If you work with technology or you're simply a fan of new gadgets, it seems like there isn't much you can do with $100. After all, Moore's Law observes that the number of transistors will increase, but it doesn't guarantee a drop in price.
Sure, it's much cheaper to purchase a new computer than it was a few decades ago, but rising manufacturing costs mean that it is still kind of expensive.
But recently, Google announced its $99 Chromebit — a computing stick, made by Asus, that turns any display into a computer. The Chromebit offers 2GB RAM, 16GB internal storage, USB 2.0 port, Bluetooth 4.0, WiFi 802.11ac, and a Rockchip 3288 ARCM Cortext-A17 processor with an ARM Mali 760 GPU.
The device connects to a display via HDMI and the USB port can be used for connecting peripherals. The head of the device, where the HDMI plug is located, can swivel to fit in small spaces. The Chromebit comes in orange, blue, and silver.
At such a low price point, it's a great supplemental tool. Here are some ways the enterprise can utilize the Google Chromebit.
1. On the road
If you're a road warrior, you know the stress that comes with lugging your company machine through airport security and keeping it on your person at all times. Depending on your work, the Chromebit could be a nice alternative.
Of course, this all hinges on your company's policy of where sensitive information can be stored. If you are already using the Google Apps suite, you should be good to go. At such a low cost, you may bring an extra one or two with you just in case someone you are meeting is having trouble with his or her machine.
The problem for travelers, though, is the extra accessories needed to use the device. If you are looking for a cheap travel device in a more traditional form-factor, try one of the $149 11-inch Chromebooks Google announced. You can find the Hisense Chromebookhere and the Haier Chromebook here.
2. In the classroom
There's no denying the success of Chromebooks in education. A school in Kentucky now requires them for all middle schoolers and a Virginia school system bought 32,000 Chromebooks. Those are just two examples of schools that made massive pushes to Chromebooks in 2014.
The Chromebit could complement Chromebook programs in education well. Being that many assignments can be completed in the Google Apps suite, the Chromebit is a great portable option to give young students a portal to their work without carrying a laptop to and from school every day.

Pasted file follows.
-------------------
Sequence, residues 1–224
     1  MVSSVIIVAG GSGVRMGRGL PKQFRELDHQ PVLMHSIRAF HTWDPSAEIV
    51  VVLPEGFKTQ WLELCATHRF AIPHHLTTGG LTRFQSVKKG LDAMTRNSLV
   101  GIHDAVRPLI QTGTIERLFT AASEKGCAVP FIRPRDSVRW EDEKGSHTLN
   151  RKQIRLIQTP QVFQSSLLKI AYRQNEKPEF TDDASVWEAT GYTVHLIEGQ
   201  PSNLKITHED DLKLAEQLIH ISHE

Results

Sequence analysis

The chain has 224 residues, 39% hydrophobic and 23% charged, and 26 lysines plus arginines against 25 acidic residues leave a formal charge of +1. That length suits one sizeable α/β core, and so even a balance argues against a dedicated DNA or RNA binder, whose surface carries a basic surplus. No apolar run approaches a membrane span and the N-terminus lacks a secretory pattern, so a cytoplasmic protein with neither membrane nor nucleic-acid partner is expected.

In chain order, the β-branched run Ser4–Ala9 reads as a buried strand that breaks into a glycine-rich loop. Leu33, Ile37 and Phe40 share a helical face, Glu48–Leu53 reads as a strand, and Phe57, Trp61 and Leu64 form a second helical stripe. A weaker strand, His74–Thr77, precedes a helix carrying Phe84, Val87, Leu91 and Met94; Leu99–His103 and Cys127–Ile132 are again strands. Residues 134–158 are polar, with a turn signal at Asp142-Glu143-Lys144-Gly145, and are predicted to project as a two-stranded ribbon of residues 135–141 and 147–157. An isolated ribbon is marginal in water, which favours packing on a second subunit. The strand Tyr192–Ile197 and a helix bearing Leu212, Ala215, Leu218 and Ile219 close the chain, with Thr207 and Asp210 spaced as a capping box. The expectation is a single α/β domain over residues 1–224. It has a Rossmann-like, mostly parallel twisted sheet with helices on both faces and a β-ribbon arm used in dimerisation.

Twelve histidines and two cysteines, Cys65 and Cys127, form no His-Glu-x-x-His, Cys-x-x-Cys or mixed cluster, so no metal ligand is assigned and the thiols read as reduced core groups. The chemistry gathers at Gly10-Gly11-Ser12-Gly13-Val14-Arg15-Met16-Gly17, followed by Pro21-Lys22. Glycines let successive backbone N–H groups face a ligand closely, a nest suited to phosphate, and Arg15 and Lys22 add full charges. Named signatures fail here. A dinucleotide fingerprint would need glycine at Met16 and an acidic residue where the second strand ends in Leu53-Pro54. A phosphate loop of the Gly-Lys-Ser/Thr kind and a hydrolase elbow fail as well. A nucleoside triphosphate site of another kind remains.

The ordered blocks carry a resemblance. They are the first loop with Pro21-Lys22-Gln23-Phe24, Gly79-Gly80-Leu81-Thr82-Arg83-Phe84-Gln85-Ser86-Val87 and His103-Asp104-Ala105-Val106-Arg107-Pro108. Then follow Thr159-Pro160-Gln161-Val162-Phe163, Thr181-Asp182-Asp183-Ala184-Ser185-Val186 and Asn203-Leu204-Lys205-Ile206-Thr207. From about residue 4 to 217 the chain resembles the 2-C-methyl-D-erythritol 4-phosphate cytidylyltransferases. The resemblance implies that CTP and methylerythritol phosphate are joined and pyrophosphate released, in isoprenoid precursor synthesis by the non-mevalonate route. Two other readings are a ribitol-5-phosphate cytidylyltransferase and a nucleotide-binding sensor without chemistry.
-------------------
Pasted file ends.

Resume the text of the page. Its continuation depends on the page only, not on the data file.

As an added bonus, the Chromebit could give parents a better way to monitor their students' work and help them if needed. It can be difficult to share the screen on an 11-inch laptop (especially if your eyesight isn't perfectly sharp), but working from 46-inch family TV gives everyone a better view.
If the school doesn't have the means to embrace a 1:1 program, the Chromebit could replace some of the shared machines in areas like the computer lab. This gives students access to a different type of computing ecosystem, and it isn't a hefty investment.
3. In the conference room
With the Chromebit, if you have a TV or large monitor, you have a presentation waiting to happen. Often times you'll have an extra computer or two in your conference room, but they are usually leftovers from a department upgrade. On top of that, you have to hope and pray that the correct cables and adapters are nearby.
However, if you have your presentation saved in the cloud, you should be able to just plug in the Chromebit and boot it up. Add a flexible or foldable keyboard and a small wireless mouse and you have a portable presentation kit that you could fit in your pocket.
If you need more power for your presentations, or you want to make your conference room video chat ready, you should consider the Chromebox for Meetings. It is literally ten times as expensive, but it comes with all the accessories you need to host high definition video conferences.
4. As a kiosk
For $99, the Chromebit is a good option to power your guest kiosk or sign-in desk for your organization. Add a monitor and a small desk and you have a place where you can direct guests who need internet access without handing over a company machine.
This works great for a sign-in kiosk too. Doctor or dentist offices can use Google forms or create a simple web page for folks to sign in.
Primary and secondary schools could do a similar thing for students who need to check out or return library books. Universities could use them to create shared portal devices where students could access the university's learning management system, like Blackboard, or the university's website or campus map.
5. As an onboarding device
This concept requires a little more effort. Using the Chromebit, a foldable keyboard, and a small mouse, you could mail new employees a pre-packaged onboarding suite with instructions and login credentials for a training account.
Create simple icons linking to to-do lists in Google docs, private training videos on YouTube, and documents for the trainee to e-sign. Once the new employee is all plugged in, he or she can get a jumpstart on training at home, saving you time and effort on the remainder of the onboarding process.
What do you think?
How would you use a Chromebit? Tell us in the comments.
Conner Forrest has nothing to disclose. He doesn't hold investments in the technology companies he covers.
Conner Forrest is a Senior Editor for TechRepublic. He covers enterprise technology and is interested in the convergence of tech and culture.